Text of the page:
To manage cattle you must first manage rangelands — Rangeland Management education for ringers

Written by Stacey Holzapfel, Pastoral Extension Officer, Northern Territory Department of Industry, Tourism and Trade

If you’d given me a land system map when I was a first or second year ringer and asked me to present to a group how I would plan a station on it, I wouldn’t have had a clue where to start.

If you’d asked me the same thing after 4 years of university, I still would have been pretty hopeless.

After learning the content of our Department of Industry, Tourism and Trade (DITT) Rangeland Management course, however; I might just be able to draw in some fences and justify how many head I’d run in those paddocks.

That’s exactly what the staff of Mt Sanford station did when myself and Georgia Glasson spent the day there delivering a Rangeland Management Course — covering many things we wish we knew when we were in their shoes.

Rangeland Management Course attendees use species ID books to identify good species from the bad.
Species identification is just one of the activities conducted in the Rangeland Management Courses. Participants discuss the pros and cons of each specimen they collect

The DITT Rangeland Management Course is a free, one-day, on-station course that has been delivered across the Territory for 20 years or more. It covers important topics such as:

  • species identification
  • land condition assessment
  • nutrition
  • weeds.

Our aim is to introduce rangeland management factors to staff who may not have had to think about these things before, as well as re-capping the fundamentals for more experienced staff.

The broad nature of the course means it can be tailored to each property. This often leads to a lot of discussion and us presenters learning as much as the participants!

Rangeland Management Course station planning activity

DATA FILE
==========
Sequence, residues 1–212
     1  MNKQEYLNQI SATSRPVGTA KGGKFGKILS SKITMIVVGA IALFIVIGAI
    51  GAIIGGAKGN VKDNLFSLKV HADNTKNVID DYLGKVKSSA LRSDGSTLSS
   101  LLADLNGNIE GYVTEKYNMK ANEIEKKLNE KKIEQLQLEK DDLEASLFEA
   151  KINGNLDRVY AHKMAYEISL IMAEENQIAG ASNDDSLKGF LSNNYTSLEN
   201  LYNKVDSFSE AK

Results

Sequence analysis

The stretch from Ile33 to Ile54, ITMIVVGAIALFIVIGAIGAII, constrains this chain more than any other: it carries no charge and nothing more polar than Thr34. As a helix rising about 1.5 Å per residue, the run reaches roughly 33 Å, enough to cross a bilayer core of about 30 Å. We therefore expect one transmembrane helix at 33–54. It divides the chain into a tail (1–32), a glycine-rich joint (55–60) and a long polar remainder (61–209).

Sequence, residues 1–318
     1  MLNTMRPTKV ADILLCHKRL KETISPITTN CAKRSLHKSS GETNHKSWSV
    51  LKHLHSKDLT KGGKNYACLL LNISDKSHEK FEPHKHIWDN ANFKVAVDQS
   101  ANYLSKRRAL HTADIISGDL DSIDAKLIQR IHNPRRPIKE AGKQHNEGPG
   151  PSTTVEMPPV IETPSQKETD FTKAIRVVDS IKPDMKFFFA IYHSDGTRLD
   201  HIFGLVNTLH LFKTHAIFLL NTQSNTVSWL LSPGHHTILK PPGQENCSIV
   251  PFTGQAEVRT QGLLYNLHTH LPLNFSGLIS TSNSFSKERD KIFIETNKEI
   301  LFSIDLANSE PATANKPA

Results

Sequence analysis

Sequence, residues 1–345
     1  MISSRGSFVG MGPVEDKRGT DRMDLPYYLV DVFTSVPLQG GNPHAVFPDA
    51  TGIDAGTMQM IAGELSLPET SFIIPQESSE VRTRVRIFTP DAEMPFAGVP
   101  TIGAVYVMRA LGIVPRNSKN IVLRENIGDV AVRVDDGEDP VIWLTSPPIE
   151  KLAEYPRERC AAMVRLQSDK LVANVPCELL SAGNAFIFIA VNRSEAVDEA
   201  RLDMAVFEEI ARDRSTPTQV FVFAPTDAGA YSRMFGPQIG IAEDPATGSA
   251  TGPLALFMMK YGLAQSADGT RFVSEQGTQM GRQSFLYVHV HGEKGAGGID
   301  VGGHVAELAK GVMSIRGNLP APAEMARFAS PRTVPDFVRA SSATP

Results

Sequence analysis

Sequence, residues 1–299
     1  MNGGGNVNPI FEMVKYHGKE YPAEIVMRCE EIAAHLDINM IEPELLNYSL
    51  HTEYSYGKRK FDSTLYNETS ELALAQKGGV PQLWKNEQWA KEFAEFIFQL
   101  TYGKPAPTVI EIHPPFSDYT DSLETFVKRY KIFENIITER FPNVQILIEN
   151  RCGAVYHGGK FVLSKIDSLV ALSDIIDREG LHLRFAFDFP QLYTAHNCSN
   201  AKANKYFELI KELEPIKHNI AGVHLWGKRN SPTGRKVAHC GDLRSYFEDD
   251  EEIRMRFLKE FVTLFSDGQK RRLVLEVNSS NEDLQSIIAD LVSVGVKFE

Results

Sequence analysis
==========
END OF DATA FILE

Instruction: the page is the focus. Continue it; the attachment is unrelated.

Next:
Participants hard at work, putting their learnings and previous experiences to the test, planning a cattle station

The feedback we receive from these courses is great, bar the common complaint from ringers of having to sit still whilst we run through the theory.

Once that is done, we head out to the paddock to put it into practice.

At Mt Sanford, we sent three groups off to find some perennial grasses, annual grasses and forbs. Participants are then required to report back to the group with a species identification for each and their value to cattle production. A few people were quite interested to learn the differences between the value of grass species, and that a paddock that appears to be in “A” condition may not actually be — depending on the species present, i.e. the cattle have already eaten out all of the preferred pasture species.

Rangeland Management Course - Carrying capacity discussion
Discussing yield calculations and carrying capacity

To bring everything together, we set two groups the task of designing a station starting with a map containing just a boundary fence and the land systems.

Using the Victoria River District Land Condition Guide and their knowledge of rangeland management, each group was able to discuss why their paddocks and watering points were where they put them, and how many and what class of cattle were in each paddock.

They were also required to implements strategies to manage hypothetical scenarios including a weed outbreak, erosion and threatened duck species living in one of their waterholes. Of course, with no defined budget for this plan, their stations also featured the likes of indoor campdraft arenas and waterparks (essential for staff retention they said).

Rangeland Management Course: Station planning presentations
Station planning presentations at the end of a great day

As a former ringer who didn’t give grass a second thought, I can highly recommend that all station staff attend one of these courses — or similar — if you get the opportunity.

Whether you use this knowledge every day or just have an awareness of how healthy rangelands are vital to cattle production and how you can visually assess their condition, you might just start to think about grass, not just the cattle eating it.

For more information about Rangeland Management Courses, offered by NT DITT, contact Stacey Holzapfel on 08 8973 9730.